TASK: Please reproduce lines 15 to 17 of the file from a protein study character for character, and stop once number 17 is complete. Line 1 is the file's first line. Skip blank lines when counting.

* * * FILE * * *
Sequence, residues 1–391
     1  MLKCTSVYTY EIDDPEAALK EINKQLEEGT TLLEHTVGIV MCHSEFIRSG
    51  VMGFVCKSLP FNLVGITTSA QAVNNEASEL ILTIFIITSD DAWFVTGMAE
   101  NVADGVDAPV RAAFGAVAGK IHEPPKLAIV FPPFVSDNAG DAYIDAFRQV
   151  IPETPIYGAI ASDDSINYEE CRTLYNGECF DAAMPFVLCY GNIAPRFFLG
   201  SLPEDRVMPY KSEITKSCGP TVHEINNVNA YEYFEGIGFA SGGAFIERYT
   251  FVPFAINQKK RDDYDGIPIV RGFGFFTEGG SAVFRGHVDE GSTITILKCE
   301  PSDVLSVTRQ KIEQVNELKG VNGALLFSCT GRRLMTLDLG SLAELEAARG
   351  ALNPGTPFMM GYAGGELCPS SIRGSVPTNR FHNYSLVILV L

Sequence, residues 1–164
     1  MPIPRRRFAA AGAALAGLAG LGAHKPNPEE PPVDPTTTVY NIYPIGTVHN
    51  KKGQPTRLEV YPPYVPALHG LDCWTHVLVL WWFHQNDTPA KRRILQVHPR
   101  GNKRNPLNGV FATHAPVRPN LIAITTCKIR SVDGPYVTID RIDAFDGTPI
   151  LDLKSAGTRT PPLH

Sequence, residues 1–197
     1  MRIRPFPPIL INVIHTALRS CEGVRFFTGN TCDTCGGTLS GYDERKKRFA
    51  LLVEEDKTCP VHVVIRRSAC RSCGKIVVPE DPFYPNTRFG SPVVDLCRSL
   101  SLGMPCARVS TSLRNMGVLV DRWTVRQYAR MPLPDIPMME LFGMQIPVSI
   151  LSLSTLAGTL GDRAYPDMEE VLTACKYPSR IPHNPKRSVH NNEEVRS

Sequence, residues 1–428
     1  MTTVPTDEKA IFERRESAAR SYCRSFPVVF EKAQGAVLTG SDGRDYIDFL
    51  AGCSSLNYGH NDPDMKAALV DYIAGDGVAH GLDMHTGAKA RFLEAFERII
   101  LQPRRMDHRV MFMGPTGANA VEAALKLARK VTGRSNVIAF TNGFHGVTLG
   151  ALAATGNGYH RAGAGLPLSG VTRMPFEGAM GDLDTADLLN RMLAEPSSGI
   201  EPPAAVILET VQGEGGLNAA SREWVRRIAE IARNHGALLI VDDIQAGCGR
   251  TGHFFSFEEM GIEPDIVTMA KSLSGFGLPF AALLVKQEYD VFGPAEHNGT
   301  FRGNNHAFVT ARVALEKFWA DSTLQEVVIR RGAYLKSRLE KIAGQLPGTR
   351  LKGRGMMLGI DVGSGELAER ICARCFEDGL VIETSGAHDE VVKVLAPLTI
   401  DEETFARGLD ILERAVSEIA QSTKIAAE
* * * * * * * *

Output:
Sequence, residues 1–197
     1  MRIRPFPPIL INVIHTALRS CEGVRFFTGN TCDTCGGTLS GYDERKKRFA
    51  LLVEEDKTCP VHVVIRRSAC RSCGKIVVPE DPFYPNTRFG SPVVDLCRSL